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‘Insipid growth’ supports call for mid-2024 rate cut: Westpac

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Westpac has laid out its latest forecasts for interest rates in Australia and the US.

With interest rates now seen as being “firmly on hold” in Australia and the US, the focus of the market is shifting to when central banks will begin to cut, according to economists at Westpac.

This is after the Reserve Bank of Australia (RBA) left rates on hold at 4.10 per cent for the third consecutive time. Meanwhile, the US Federal Reserve, which hiked at its last meeting in July, is widely tipped to leave rates unchanged at its next policy meeting next week.

“The peak in the interest rate tightening cycle now looks to be in, policy firmly on hold in Australia and the US and peaks imminent elsewhere,” Westpac’s economists said.


“That should usher in a period of relative calm policy-wise, albeit with the full impact of tightening still flowing through to the real economy. For markets, attention is turning to the timing of and extent of prospective easing. This will naturally depend on, firstly, inflation developments, and beyond that, the growth profiles and degree of slack that emerges.”

On inflation, the economists said recent progress has been “good”, with headline measures heading towards target across most economies. This includes in Australia, where inflation eased to 4.9 per cent in the 12 months to July, down from 5.4 per cent a month earlier.

According to the economists, growth figures have also been “a little more positive than expected”, particularly in the US, where the risk of a recession is now viewed as remote.

“While returning inflation to target without damaging economic downturns would be a miraculous result given the scale of the inflation challenge and the degree of monetary tightening, it poses some challenges for central banks going forward,” they noted.

“In particular, firmer-than-expected growth and tighter-than-expected labour markets will make it more difficult to achieve the ‘last leg’ of a sustained return to low inflation. It also means there will be both less scope and less requirement for policy easing.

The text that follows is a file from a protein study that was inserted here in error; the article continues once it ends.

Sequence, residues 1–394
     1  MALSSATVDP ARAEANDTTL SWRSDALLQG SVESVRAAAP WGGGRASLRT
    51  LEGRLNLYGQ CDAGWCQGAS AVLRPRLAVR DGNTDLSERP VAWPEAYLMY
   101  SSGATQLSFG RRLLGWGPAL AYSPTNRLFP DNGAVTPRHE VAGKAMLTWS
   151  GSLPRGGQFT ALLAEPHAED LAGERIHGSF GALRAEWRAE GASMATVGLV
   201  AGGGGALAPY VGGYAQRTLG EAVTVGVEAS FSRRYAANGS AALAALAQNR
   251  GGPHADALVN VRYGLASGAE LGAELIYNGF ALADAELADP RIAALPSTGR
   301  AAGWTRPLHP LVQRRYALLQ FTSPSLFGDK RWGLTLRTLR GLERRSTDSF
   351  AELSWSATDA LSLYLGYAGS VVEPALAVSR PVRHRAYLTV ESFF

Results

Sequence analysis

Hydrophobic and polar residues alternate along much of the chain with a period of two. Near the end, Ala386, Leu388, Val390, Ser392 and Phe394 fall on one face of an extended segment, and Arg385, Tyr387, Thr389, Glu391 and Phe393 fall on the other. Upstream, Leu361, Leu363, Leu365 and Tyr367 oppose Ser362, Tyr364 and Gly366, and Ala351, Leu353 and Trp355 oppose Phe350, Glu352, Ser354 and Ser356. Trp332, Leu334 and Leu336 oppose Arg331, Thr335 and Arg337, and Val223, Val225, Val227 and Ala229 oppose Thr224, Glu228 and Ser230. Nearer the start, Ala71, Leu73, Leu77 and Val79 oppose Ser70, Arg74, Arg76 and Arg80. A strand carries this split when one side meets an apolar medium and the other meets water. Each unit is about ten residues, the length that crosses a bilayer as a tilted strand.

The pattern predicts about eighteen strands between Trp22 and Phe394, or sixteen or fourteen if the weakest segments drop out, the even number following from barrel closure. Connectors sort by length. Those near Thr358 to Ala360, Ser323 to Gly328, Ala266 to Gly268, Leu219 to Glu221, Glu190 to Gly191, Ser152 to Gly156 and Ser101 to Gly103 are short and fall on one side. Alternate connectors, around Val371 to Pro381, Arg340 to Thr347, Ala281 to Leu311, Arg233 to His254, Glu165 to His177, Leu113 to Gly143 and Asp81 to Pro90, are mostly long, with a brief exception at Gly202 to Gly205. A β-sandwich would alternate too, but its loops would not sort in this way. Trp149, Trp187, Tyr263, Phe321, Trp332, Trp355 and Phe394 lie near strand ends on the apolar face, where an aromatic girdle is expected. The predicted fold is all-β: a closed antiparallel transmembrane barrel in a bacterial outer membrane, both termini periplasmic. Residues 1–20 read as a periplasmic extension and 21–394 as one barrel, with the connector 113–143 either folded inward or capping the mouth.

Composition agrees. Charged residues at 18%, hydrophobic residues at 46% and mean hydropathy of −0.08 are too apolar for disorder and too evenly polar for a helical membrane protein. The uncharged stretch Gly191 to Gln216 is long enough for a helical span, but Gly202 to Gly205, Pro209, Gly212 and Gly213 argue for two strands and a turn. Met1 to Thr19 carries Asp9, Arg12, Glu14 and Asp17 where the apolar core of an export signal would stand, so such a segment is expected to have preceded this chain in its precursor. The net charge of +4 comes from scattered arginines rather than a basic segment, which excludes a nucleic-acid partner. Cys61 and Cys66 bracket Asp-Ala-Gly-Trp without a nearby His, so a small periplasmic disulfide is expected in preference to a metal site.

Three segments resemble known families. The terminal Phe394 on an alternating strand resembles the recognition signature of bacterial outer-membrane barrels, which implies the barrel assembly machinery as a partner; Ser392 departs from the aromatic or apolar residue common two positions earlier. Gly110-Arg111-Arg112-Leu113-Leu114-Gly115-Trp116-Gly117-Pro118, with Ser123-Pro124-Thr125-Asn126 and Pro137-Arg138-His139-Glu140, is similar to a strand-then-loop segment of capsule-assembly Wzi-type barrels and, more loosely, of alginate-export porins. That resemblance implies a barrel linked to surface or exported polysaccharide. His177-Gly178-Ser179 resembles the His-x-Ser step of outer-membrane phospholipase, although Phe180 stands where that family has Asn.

“Reflecting these developments, we have significantly pared back our forecasts for the federal funds rate over the last month, with a much slower pace of policy easing now expected in 2024. Whether these same dynamics play out in Australia remains to be seen.”

Westpac currently expects that interest rates will remain on hold in Australia until August next year, when the big four bank has forecast that the RBA will announce its first rate cut.

The bank’s economists said the latest national accounts had confirmed that a sharp slowdown in the Australian economy is underway, with GDP growing by 0.4 per cent in the June quarter and household consumption up just 0.1 per cent.

Reflecting the rising cost of living, an increasing tax burden, and higher mortgage rates, Westpac has forecast household consumption growth of 0.3 per cent during both the September and December quarters and only 0.8 per cent in the year to June 2024.

“The RBA’s recognition of this insipid growth over the year to June 2024 is one factor supporting our call that the first rate cut will come at the August meeting,” Westpac chief economist Bill Evans said.

Meanwhile, Westpac has revised its outlook for the Fed’s easing cycle. While this is still expected to commence next March, the bank has predicted that the Fed will cut by 100 basis points (bps) rather than 175 bps on the back of its upgraded forecasts for growth in the US.

“We have not changed our forecast that the RBA will be cutting the cash rate by 50 bps in 2024, meaning that the interest rate differential between US and Australia will favour the US by an additional 75 bps relative to our previous forecast,” Mr Evans said.

The RBA’s next interest rate decision, which is due to be announced on 3 October, will be the first to be overseen by new governor Michele Bullock following the departure of Philip Lowe.

Dr Lowe used his final speech as governor to deliver a warning on inflation, which he said is expected to be more volatile due to supply shocks, deglobalisation, climate change, the energy transition, and shifting demographics.

Jon Bragg

Jon Bragg

Jon Bragg is a journalist for Momentum Media's Investor Daily, nestegg and ifa. He enjoys writing about a wide variety of financial topics and issues and exploring the many implications they have on all aspects of life.